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Sunday, July 3, 2005



World to Cooperate on Russian Kliper Space Plane Project

Full-scale model of Kliper at Le Bourget Airshow.
Full-scale model of Kliper at Le Bourget Airshow.
Credit: ESA
The European Space Agency is reporting that it is "envisioning" cooperation with Russia to participate in the development and use of the next-generation reusable Kliper space plane. The space plane, designed partly to ensure the continued ability to reach the International Space Station but with the capability to do more, would use modern technology from Russia and Europe to replace the 40-year-old Soyuz concept as Russia's primary spacecraft. With Europe participating, it would provide the ESA with its first-ever ability to carry its own astronauts into space. Japan has also expressed interest in joining the project.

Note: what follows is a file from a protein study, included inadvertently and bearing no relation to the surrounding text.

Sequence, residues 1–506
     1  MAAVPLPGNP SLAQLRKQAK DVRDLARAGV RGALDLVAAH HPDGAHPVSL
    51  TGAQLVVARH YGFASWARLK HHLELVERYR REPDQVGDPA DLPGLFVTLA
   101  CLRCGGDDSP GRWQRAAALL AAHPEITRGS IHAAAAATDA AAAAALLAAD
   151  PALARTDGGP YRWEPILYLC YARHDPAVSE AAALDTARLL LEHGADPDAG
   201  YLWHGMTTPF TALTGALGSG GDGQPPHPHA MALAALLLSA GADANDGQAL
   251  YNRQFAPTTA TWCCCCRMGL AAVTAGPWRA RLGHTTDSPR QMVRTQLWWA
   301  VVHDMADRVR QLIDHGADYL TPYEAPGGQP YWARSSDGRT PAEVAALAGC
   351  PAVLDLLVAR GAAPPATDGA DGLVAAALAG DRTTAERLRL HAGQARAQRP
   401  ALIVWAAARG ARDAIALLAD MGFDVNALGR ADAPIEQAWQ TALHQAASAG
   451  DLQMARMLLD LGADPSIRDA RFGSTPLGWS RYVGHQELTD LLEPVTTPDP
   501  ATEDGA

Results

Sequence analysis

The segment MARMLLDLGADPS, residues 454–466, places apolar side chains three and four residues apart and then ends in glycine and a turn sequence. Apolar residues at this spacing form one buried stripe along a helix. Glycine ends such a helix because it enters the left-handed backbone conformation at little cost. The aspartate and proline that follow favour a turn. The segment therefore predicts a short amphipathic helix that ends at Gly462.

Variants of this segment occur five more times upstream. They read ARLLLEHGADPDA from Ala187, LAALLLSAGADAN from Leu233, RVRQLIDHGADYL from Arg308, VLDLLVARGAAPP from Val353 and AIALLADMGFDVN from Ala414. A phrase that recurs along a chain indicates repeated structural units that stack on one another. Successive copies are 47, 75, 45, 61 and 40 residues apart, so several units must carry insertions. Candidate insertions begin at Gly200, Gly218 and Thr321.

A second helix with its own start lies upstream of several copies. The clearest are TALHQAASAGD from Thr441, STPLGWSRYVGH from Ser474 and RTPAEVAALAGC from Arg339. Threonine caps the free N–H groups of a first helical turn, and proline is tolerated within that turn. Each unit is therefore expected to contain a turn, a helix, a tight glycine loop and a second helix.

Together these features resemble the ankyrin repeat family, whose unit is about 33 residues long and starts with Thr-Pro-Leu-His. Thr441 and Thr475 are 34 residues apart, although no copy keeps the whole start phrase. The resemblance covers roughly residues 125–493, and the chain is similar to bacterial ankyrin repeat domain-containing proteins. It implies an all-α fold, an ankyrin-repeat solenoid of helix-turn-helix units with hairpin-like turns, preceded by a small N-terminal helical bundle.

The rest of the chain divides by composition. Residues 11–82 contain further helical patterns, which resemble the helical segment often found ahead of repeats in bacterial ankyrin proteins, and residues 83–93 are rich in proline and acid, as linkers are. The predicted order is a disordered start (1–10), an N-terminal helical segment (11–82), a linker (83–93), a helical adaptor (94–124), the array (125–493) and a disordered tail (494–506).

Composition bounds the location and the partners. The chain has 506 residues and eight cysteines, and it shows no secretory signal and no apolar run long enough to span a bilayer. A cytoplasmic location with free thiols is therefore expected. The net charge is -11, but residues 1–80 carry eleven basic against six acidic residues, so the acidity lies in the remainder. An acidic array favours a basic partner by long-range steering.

The Kliper would seat six people and lift 700 kg of cargo into orbit, and the Russians plan on using the craft for missions to the International Space Station, the Moon, and the Mars mission in 2015. It would have the capability of parachuting into the Russian steppes or landing on a runway like the Space Shuttle. At this point, it looks to compare most favorably with NASA's future Crew Exploration Vehicle, which, while not finalized, would either be a non-reusable capsule or of similar construction to the Kliper.

(More info: ESA.int, Yahoo! News)


- posted by Brian @ 14:27 EST